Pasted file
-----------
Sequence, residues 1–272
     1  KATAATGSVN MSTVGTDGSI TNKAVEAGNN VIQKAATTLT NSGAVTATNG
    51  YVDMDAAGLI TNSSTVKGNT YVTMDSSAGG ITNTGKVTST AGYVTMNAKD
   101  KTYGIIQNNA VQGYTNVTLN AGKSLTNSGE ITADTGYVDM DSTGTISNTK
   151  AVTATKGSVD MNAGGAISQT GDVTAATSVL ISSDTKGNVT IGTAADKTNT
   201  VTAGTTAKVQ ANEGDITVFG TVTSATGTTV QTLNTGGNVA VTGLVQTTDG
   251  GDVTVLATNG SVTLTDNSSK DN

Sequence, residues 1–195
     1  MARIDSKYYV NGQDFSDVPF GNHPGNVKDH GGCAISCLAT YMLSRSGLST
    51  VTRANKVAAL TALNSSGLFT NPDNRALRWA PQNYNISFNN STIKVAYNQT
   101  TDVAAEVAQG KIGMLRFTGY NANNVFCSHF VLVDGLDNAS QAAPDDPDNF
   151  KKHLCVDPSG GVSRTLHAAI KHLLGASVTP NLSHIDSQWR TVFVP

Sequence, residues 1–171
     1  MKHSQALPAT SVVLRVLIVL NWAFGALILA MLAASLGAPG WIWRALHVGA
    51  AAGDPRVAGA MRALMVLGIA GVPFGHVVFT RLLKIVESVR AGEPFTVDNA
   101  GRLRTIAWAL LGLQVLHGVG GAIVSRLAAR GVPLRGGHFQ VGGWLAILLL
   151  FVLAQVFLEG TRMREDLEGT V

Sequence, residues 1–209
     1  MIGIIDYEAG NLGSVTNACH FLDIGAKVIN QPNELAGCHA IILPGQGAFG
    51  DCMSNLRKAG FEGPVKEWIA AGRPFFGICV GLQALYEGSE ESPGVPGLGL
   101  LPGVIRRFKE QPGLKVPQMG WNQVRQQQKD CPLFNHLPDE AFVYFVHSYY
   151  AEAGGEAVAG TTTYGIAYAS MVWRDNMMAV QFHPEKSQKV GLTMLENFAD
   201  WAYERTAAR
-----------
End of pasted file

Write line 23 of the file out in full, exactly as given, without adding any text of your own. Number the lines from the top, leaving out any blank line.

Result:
   201  WAYERTAAR